The top three commercial issues facing shipping and transportation companies today are continued excess capacity, rising fuel costs, and “irrational” rate competition behavior, according to Michael Bentley, partner at Revenue Analytics.
The past couple of years haven’t been easy for the shipping and logistics industry. The pricing landscape has become increasingly competitive as companies try to undercut each other in a race to the bottom on rates. It’s apparent that this trajectory is unsustainable and will lead to more companies potentially going out of business if they continue unabated.
Below are some of the top commercial issues facing the industry today and some simple strategies to remedy them and drive revenue growth.
Capacity Glut. On a day-to-day basis, shipping and logistics companies find it difficult to predict what kind of capacity shortages or (more likely) surpluses they’ll have. It’s important to identify days, routes, or legs where you are capacity constrained, and make inventory trade-off decisions that will help drive higher yields. However, on days where you are not capacity constrained, inventory management will have little effect, and you’ll want to be less selective in the business that you take. On those days, focusing on pricing is essential. But this begs the question: just how low should you go?
In excess capacity situations, companies should determine where they can incentivize additional demand with pricing actions. Are there price-sensitive customers that will respond to a discount with increased volumes? Can you capture incremental demand by being more aggressive on rates? And which are the customers that will not respond to pricing actions? In those cases, you’re likely better off taking what you can get at a higher rate, maintaining margins and preserving a higher market price for the long term.
If the distinction between these two customer segments is not made, companies could establish a precedent of being willing to accept bad deals and see a downward spiral that will soon become unmanageable. Of course, accepting lower prices is unavoidable during high-capacity times. But continuing to “buy the market” by constantly filling capacity, will ultimately find carriers backed into a corner of low revenue and low market demand, thus creating a dangerous “new normal.”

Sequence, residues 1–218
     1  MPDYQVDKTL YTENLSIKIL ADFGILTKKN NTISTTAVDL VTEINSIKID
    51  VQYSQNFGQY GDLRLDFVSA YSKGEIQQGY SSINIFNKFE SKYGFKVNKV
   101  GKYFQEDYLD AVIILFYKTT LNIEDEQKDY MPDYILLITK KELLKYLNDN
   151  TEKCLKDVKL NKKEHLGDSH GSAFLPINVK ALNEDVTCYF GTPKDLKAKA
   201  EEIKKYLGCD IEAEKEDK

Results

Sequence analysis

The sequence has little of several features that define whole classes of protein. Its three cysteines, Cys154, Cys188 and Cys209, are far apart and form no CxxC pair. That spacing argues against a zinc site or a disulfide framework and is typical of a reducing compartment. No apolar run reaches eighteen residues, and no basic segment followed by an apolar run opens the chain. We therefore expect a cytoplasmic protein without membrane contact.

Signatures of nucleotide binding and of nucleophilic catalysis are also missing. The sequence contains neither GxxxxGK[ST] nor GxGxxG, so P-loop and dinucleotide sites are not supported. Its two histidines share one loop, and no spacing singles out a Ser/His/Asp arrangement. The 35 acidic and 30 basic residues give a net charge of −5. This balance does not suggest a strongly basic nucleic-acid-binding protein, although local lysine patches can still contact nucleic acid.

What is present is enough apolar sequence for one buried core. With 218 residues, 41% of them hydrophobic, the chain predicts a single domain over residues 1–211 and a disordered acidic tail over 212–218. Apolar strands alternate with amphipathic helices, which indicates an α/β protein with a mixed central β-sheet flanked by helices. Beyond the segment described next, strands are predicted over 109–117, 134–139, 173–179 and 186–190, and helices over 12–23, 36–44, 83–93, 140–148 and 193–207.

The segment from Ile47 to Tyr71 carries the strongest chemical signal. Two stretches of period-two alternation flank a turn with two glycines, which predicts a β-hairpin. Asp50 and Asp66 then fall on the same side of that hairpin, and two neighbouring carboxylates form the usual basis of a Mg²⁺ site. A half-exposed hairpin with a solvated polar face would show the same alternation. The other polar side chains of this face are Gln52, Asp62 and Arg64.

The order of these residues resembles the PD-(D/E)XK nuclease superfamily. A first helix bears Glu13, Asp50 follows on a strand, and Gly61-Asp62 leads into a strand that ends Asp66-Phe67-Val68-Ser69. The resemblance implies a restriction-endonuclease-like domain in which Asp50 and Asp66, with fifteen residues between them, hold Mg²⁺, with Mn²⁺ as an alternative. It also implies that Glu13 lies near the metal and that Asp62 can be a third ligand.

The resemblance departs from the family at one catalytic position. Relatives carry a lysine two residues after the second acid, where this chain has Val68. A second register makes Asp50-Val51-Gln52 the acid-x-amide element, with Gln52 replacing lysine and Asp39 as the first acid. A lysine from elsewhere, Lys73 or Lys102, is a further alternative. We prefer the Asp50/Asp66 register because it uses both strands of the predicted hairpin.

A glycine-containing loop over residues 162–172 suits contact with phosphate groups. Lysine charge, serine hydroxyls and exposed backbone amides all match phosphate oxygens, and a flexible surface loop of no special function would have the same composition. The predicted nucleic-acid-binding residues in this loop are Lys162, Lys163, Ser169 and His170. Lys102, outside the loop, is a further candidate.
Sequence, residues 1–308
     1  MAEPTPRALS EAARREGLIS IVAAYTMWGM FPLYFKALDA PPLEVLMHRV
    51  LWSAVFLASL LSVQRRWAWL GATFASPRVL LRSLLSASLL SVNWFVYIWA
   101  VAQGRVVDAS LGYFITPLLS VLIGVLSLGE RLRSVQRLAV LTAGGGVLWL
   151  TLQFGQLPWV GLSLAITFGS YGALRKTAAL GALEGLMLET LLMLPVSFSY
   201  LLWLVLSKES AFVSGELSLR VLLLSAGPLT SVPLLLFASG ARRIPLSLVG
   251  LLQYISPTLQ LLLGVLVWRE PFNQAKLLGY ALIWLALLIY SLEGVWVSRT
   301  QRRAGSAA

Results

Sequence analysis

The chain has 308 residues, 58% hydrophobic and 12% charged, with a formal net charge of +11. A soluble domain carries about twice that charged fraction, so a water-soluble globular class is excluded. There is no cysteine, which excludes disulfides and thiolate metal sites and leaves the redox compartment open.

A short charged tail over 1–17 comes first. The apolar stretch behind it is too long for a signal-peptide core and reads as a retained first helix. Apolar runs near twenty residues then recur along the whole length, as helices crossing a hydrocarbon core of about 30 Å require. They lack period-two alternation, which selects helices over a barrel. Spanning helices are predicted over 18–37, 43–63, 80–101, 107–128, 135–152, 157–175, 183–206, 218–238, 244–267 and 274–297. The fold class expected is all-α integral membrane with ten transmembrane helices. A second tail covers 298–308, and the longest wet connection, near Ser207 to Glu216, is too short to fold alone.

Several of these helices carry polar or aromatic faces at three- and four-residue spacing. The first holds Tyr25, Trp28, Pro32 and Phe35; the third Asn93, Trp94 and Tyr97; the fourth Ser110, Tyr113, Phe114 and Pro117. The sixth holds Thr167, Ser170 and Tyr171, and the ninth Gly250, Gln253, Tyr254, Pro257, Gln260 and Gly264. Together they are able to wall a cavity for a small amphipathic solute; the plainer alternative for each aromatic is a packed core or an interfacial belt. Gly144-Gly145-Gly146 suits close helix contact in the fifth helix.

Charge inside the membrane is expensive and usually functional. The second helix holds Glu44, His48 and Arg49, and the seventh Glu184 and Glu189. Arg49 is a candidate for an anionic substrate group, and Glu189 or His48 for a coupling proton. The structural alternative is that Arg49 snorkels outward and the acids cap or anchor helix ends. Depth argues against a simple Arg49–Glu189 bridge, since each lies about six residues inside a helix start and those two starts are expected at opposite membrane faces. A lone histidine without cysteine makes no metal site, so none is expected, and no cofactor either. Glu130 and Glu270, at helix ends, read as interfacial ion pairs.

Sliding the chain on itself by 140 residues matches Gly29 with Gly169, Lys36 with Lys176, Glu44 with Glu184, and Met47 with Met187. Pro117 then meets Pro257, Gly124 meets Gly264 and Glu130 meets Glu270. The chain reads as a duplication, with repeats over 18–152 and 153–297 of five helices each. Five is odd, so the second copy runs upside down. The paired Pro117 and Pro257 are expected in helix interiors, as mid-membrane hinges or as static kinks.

Rising Fuel Costs. Although the global market has gone through a recent period of low fuel costs, the U.S. Energy Information Administration (EIA) predicts prices will increase from $52 per barrel in 2017 to $55 per barrel in 2018. This puts pressure on shipping and logistics companies, as they will want to increase rates to cover those additional costs despite a continuation of current downward pricing pressure.
In order to combat this, companies must reevaluate how they calculate pricing standards in order to ensure they cover these additional costs. While in the past some contracts may have yielded small, if still significant profits, those same contracts may actually be unprofitable when oil prices rise. Companies should look to airlines as a model example, as they continually adjust ticket prices based on their own internal data as well as external macroeconomic data, such as the fluctuating cost of fuel.
Shipping and logistics companies have a wealth of internal data they can turn to in order to determine optimal pricing and capacity strategies. These companies need to make pricing decisions that are best for themselves and their own business, rather than solely reacting to competitors’ actions, which will only lead to ill-advised pricing strategies and tactics.
Irrational Competition. Currently, carriers base the majority of their pricing decisions on the going market rate and competitive actions, rather than taking into account their own demand forecasts and available capacity. As much of this internal data isn’t easily accessed or is too vast to leverage manually, many companies enter into price wars driven by irrational competitors.
Freight transportation providers must remember they should not solely be chasing volume and market share. Many shipping and logistics companies are trying to fill excess capacity no matter the cost, and are seeing declining profits as a result.
Firms can (and should) use predictive analytics to scientifically determine where and when volume should be filled and where it should not. Price ratio modeling can explicitly bring in market data to inform these decisions and provide strategic direction on where companies can differentiate themselves and drive pricing premiums when compared to the overall market.
Above all, carriers must remember they are their own unique entities. Just because a larger competitor can afford to sell capacity at ultra-low costs in certain markets does not mean that it is the right decision for you and your business.
When creating a strategy for growth, remember these two essentials:
1) Know whether it’s an inventory or pricing play – don’t focus on one or the other, and keep in mind margin as you pursue both volume and revenue;
2) Look at all the data available to you – make pricing decisions that are best for your company, instead of blindly following an irrational competitor down to the lowest possible rate.
At the end of the day, you don’t always have to match your competition to be competitive.